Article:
SAMJ Review Vol. 108 No.3
The right to the enjoyment of the highest attainable standard of physical and mental health is enshrined in many international human rights treaties. However, studies have shown that people with mental disabilities are often marginalized and discriminated against in the fulfillment of their right to health. The aim of this study is to identify and reach a broader understanding of barriers to the right to mental health in the Eastern Cape Province in South Africa. Eleven semi-structured interviews were carried out with health professionals and administrators.
S Afr Med J 2018;108(7):546-550. DOI:10.7196/SAMJ.2018.v108i7.13149
Antimicrobial stewardship programmes have been introduced worldwide in response to the rise in antimicrobial resistance. The World Health Organization has mandated each Member State to produce a plan to address this problem. We report on the organic development of an antibiotic stewardship programme in a rural regional hospital in a resource-limited setting in South Africa. This has resulted in organisational change with increased awareness, participation, monitoring and education in antibiotic stewardship throughout the hospital
Journal of the International AIDS Society Vol. 21 (2018) e25133
Many prevention of mother-to-child HIV transmission programmes across Africa initiate HIV-infected (HIV positive) pregnant women on lifelong antiretroviral therapy (ART) on the first day of antenatal care (“same-day” initiation). However, there are concerns that same-day initiation may limit patient preparation before starting ART and contribute to subsequent non-adherence, disengagement from care and raised viral load. We examined if same-day initiation was associated with viral suppression and engagement in care during pregnancy.
The data suggest that same-day ART initiation during pregnancy is not associated with lower levels of engagement in care or viral suppression through 12 months post-delivery in this setting, providing reassurance to ART programmes implementing Option B+.
Democratic dispensation in 1994 created a political and social platform that reshaped life in South Africa. There was a surge in common belief that the inequity and wrong of Apartheid should and could be rectified. Equity of access to water and sanitation were obvious targets for improvement. In 1994, an estimated 14–15 million South Africans were without access to an improved water supply, while close to 21 million - more than half of the population at that time - did not have access to improved sanitation facilities. These problems were most severe in poorer rural areas. The water and sanitation sector became unified by the vision of universal access for all South Africans. This case study documents the progression of the sector between 1994 and 2016, and analyzes the impact of local systems created in South Africa to respond to the water and sanitation challenge.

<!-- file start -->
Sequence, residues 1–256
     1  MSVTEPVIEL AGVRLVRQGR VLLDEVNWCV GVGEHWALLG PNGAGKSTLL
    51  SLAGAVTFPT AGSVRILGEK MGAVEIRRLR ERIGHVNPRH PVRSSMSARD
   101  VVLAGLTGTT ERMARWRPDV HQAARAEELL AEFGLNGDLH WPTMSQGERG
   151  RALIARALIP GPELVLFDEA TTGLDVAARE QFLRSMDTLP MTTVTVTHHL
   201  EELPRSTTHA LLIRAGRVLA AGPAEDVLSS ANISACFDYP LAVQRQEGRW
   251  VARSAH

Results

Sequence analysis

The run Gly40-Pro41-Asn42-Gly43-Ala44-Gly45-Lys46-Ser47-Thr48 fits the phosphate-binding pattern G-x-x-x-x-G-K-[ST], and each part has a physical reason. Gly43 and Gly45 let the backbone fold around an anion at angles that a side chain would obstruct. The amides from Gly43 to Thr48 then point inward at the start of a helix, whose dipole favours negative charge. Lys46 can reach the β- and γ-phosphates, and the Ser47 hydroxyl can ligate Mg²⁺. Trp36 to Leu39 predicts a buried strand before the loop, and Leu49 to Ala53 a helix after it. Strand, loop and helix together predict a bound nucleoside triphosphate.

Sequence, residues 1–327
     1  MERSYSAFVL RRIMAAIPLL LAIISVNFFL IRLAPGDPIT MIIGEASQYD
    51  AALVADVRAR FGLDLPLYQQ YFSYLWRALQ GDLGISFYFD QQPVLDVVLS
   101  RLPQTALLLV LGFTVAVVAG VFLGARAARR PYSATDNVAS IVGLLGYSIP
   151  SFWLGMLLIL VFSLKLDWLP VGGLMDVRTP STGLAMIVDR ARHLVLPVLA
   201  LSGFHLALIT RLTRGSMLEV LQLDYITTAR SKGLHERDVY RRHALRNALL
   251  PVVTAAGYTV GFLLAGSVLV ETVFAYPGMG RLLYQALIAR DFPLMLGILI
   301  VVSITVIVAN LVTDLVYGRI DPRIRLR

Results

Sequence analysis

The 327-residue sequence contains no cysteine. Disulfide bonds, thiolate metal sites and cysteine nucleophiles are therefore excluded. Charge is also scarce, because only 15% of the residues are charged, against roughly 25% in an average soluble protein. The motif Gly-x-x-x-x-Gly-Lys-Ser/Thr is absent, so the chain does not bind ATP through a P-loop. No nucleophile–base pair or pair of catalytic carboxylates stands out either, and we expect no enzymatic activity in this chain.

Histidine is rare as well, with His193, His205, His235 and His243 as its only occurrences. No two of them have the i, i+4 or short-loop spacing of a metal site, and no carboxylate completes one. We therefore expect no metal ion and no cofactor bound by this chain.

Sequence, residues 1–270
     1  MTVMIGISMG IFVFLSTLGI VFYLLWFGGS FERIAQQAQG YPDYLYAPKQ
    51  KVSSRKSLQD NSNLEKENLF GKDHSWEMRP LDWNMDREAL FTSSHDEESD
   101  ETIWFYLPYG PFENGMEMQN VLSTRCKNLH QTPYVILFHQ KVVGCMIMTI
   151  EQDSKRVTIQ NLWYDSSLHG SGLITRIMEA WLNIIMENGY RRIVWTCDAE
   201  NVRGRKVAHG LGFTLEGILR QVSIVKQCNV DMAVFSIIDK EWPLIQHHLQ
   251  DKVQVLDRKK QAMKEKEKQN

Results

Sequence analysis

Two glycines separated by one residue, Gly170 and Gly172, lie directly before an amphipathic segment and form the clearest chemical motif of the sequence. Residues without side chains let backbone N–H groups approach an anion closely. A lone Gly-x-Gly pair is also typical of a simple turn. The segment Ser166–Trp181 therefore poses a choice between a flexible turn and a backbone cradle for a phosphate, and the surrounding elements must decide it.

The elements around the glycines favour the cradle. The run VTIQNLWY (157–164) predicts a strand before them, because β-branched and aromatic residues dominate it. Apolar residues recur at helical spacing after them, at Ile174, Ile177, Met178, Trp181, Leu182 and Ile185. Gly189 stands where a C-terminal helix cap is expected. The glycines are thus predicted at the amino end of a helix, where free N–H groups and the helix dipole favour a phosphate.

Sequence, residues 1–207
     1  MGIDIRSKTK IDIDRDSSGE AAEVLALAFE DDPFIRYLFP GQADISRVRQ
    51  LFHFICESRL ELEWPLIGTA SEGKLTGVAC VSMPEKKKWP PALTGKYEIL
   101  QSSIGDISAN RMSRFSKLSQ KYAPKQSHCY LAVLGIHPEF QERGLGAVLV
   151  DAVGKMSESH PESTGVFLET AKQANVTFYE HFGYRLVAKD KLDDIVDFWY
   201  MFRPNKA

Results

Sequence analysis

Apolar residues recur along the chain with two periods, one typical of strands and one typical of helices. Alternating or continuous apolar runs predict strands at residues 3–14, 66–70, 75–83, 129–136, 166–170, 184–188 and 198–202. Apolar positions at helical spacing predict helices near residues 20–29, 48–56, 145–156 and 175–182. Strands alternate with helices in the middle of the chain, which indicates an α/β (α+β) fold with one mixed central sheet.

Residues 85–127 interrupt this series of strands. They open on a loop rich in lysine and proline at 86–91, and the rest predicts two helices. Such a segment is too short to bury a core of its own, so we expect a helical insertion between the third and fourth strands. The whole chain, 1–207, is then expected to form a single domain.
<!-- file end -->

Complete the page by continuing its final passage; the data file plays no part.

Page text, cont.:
The aim of the Annual Inspection Report is to present findings of public sector health establishments inspected by the OHSC to monitor compliance with the National Core Standards (NCS) during the 2016/2017 financial year in South Africa.
The NCS define fundamentals for quality of care based on six dimensions of quality: Acceptability,Safety, Reliability, Equity, Accessibility, and Efficiency.
The NCS structured assessment tools were used to collect data during inspections across the seven domains namely: Patient Rights; Patient Safety, Clinical Governance and Clinical Care; Clinical Support Services; Public Health; Leadership and Governance; Operational Management and Facilities and Infrastructure. A total of 851 routine inspections were conducted with 201 of these facilities re-inspected. Inspection data was captured on District Health Information System (DHIS) data entry forms and exported for analysis to Statistical Analysis Software (SAS) version 9.4.